Having a candidate who’s a fast learner is great, but does it always make them the highest performers in your business?
Over the years, there’s always been a feeling on a subconscious level that in order to succeed, you need to pick things up quickly.
However, to discard employees who are a little slower to pick up a process or a solution seems crazy.
To find an answer to this question, let’s explore further.
Does speed equal success?
Hiring an employee who is quick to pick up something new is widely regarded as a positive – there’s no debate there.
The problem is, this can lead to a “know-it-all” state of mind.
How often do you see a show off gloating about how great they are, only to be knocked down from their perch in dramatic style?
Fast learners can be guilty of cutting corners as well.
Without a challenge, they can easily start taking liberties and bend the rules to keep things interesting.
For instance, a fast-learning copywriter may grasp the principles of technical SEO quickly.
However, if they’re pressed for time, they could simply tick all of the SEO best practices without taking any time to finesse their copy.
Including abandoning the creative side of things or double-checking their work for spelling errors.
The point is, the speed in which someone learns something doesn’t always lead to success.
In fact, as an employer, it’s your job to manage these types of employees while catering for the slower ones.
The key to managing fast learners
Fast learners can make high performers when you take the right approach with them.
Sure, you’d like to share words of wisdom and guide them. But in some cases, a hands-off approach can actually work best.
If someone is keen to learn and develop their skills quickly, don’t try to hold them back.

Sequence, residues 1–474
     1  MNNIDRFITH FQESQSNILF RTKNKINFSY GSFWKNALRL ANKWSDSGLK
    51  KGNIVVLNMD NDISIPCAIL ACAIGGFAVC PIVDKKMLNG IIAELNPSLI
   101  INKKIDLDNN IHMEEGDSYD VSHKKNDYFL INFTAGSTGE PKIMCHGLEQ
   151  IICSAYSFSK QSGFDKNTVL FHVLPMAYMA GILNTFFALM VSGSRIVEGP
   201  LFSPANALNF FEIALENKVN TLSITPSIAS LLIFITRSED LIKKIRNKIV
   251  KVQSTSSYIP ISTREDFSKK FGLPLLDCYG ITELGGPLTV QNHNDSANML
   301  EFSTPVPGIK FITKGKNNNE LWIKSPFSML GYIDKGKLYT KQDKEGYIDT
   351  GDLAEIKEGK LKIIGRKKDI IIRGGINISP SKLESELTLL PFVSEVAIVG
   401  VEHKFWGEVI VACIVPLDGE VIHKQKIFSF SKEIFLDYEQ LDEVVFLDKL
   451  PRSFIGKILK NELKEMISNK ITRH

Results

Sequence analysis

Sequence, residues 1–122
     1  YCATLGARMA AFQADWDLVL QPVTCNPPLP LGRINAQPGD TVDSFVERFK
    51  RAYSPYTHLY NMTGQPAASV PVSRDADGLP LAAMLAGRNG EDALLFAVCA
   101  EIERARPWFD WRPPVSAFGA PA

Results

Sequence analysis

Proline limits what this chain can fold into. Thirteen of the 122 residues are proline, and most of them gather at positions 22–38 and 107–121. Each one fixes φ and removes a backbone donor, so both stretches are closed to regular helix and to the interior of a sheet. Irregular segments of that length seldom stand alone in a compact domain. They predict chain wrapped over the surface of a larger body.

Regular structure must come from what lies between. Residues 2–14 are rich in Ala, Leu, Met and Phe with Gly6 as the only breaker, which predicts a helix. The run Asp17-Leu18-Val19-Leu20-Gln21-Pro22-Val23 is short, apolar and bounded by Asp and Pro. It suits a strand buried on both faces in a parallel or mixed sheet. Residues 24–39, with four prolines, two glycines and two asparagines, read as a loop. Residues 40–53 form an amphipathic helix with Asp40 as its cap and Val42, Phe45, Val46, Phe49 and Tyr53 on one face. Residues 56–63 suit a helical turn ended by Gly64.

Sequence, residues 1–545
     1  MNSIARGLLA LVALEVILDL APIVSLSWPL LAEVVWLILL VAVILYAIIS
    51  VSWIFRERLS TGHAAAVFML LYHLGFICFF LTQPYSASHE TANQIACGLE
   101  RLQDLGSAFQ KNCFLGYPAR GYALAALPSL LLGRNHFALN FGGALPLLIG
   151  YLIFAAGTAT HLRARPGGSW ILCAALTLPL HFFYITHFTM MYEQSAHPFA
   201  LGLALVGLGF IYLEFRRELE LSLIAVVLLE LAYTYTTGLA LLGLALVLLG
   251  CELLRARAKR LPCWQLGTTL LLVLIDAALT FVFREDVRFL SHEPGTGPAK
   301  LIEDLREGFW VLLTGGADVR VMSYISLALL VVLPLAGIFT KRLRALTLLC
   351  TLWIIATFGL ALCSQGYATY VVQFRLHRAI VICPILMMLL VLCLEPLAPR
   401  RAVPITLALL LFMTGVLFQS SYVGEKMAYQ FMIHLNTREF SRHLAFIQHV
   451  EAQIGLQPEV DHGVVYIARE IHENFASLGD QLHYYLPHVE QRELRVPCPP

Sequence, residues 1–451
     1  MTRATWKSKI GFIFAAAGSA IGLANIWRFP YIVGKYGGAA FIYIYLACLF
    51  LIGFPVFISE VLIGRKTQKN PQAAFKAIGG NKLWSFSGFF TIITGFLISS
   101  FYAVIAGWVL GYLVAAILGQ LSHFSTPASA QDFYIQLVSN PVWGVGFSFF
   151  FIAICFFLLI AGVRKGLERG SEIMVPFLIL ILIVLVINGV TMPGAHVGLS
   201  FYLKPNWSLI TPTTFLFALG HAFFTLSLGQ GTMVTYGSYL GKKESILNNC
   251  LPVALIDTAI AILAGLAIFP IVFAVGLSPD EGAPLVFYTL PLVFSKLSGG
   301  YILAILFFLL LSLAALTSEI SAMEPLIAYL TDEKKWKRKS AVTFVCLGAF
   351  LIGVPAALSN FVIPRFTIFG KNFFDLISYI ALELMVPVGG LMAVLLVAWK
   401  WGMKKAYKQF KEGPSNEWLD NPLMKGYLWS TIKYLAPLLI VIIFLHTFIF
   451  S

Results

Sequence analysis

A key fundamental to staff retention is to give them the content and training materials to constantly feed this appetite.
You see, fast learners have minds like sponges.
So, every challenge or new piece of material you put in front of them will give them something new to set their mind to.
The moment you stop doing this will be the moment they make mistakes and consider handing in their notice.
Their training doesn’t necessarily have to be related to their field of expertise.
If your employee has attained all of the qualifications required to be an IT support professional, it could be worth taking courses in customer service to help them with the way that they communicate with customers or clients.
If you’re on a tight budget, allowing your fast learners to listen to podcasts and watch YouTube videos on relevant topics is a viable option.
Look out for entrepreneurs running cheap online courses on LinkedIn too.
From around £5-20 your fast learners can pick up valuable knowledge and present it back to the wider team afterwards.
For some more inspiration, check out our previous blog: ‘4 of the Best Training Courses For 2019’.
The real signs of a “high-performer”
As an employer, you should never leave a learner behind – no matter how long they take.
Playing the long game makes sense, as you may uncover the true characteristics of a high-performer.
Work with them and be patient.
You have to understand that some employees will flourish as time goes on.
There are several ways to identify a real high-performer.
For starters, they’re generally smart people with an above-average IQ.
It’s not a case of how quickly they pick things up.
An employee who has the potential to be a high-performer will:
– seek out any opportunity to learn;
– be open-minded and willing to be coached;
– welcome feedback;
– see adversity as a learning experience;
– share ideas and successes with others.
A high-performer will also showcase certain competencies.
According to The Corporate Executive Board, all high-performing professionals will have 10 characteristics:
– The ability to prioritise
– Working well in teams
– Organisational awareness
– Effective problem-solving skills
– The ability to influence
– Effective decision making
– Learning agility
– Technical savvy
If you think you have an employee who possesses all of these characteristics, remember to nurture them in the right way.
So, if they’re a fast learner, keep feeding them with training and materials to develop.
Or if they need a bit more time to pick things up, lend a helping hand wherever possible and give them time to absorb.
Just remember, every employee learn things in different ways and at different speeds.
The key to spotting a high-performer isn’t based on how quickly they take things in, but is understanding who has the characteristics to want to develop and succeed.
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